Doran introduces Jolly Lad as a book about recovering from alcoholism, about the day he stopped drinking - at 37 - and finally found out what he "would be like as an adult." But as he himself also acknowledges, it is actually about so many things. About growing up Catholic and working class in Northwest England in the Thatcher years, about social upheaval and change, about battling mental illness, about the hideous things we do to ourselves, and how it is those very hideous things that help to define who we are. It is a book about love and redemption and fatherhood, about simple happy Hollywood endings and how there are no simple happy Hollywood endings.
And it’s about music, rich with anecdotes. Though he was told “you can write about whatever you want but it can’t be about music” by the editor who commissioned the column that would evolve into the book, references to music are ubiquitous throughout. It is the prism through which he looks at so many things, from childhood rebellion (“the first time he caught me I was in the middle of watching ‘Cars’ by Gary Numan when I was eight”) to the differences between Liverpool and Manchester (“warm hearted, psychedelic, romantic” vs “urgent, intellectual, dark-hearted”) to depression (“imagine all the inner and outer signals of your life running down a cable which is plugged into a 24-channel mixing deck…fourteen channels…attached to malfunctioning samplers, spitting out violently loud gobbets of low quality audio.”)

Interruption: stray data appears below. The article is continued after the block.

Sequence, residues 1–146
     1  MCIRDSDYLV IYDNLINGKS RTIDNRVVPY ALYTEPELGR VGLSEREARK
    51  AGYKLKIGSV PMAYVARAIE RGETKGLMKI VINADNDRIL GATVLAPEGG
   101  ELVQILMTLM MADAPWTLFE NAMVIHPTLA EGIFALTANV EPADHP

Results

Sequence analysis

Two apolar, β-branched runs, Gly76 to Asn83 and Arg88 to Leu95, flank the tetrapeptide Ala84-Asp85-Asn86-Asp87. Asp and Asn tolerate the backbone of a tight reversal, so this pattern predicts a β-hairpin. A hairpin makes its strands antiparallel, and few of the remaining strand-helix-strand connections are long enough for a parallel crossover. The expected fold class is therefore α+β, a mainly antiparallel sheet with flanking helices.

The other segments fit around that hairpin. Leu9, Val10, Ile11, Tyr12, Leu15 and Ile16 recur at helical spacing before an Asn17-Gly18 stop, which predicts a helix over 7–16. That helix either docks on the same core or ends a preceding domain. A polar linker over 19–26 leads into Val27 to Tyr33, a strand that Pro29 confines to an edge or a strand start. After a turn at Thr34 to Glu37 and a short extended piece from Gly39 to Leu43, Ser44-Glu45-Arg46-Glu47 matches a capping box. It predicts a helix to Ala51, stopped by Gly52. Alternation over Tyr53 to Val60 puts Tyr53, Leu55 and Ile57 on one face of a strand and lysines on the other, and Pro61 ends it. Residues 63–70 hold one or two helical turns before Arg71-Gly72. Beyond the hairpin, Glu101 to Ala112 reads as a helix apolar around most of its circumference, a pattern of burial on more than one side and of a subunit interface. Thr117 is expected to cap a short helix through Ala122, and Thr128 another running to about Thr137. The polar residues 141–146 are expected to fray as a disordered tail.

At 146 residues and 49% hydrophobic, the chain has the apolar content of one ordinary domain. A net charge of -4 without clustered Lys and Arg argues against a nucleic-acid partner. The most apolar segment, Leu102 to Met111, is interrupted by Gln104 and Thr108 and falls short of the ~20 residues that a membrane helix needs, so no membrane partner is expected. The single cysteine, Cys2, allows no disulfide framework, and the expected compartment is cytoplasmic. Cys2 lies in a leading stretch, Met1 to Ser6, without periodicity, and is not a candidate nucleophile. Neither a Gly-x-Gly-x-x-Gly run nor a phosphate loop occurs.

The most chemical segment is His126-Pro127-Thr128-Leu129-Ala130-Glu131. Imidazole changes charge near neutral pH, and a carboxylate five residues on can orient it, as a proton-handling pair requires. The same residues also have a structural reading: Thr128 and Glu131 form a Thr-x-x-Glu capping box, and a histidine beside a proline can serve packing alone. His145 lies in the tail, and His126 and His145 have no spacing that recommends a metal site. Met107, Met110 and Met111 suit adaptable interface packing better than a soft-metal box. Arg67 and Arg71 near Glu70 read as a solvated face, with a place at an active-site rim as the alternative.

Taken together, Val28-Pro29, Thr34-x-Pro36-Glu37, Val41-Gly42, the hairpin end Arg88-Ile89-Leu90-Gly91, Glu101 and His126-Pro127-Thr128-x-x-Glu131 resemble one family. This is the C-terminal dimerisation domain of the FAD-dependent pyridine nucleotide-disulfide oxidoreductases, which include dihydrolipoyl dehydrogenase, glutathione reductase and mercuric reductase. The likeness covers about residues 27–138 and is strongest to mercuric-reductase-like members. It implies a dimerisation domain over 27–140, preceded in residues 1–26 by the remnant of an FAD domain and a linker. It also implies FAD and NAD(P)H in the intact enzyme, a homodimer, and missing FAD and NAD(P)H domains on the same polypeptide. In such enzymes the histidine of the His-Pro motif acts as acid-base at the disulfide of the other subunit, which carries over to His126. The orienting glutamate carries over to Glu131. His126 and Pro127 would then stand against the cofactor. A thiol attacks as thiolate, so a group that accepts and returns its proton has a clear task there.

It is music that provides for him the “markers that he throws into the void” and “living mnemonics connecting...to people, time and places.” And it is music that contributes to his salvation, his subsequent career as co-founder of the highly respected music and culture website The Quietus, helping to liberate him from a life of addiction - if final absolution truly comes in the arrival of girlfriend Maria and son John.
Jolly Lad functions on many levels. We are treated to Doran as passionate cultural historian, with his extraordinary knowledge of post-punk and alternative pop culture, much of which he has gained through firsthand experience. But it is also auto-biography, an intimate and quite exposing account of one man's battle (and love affair) with alcohol, at turns amusing and horrifying. Along the way, he gives us countless insights about life in Britain over the last 30 years, all delivered with thoughtful and self-deprecating prose.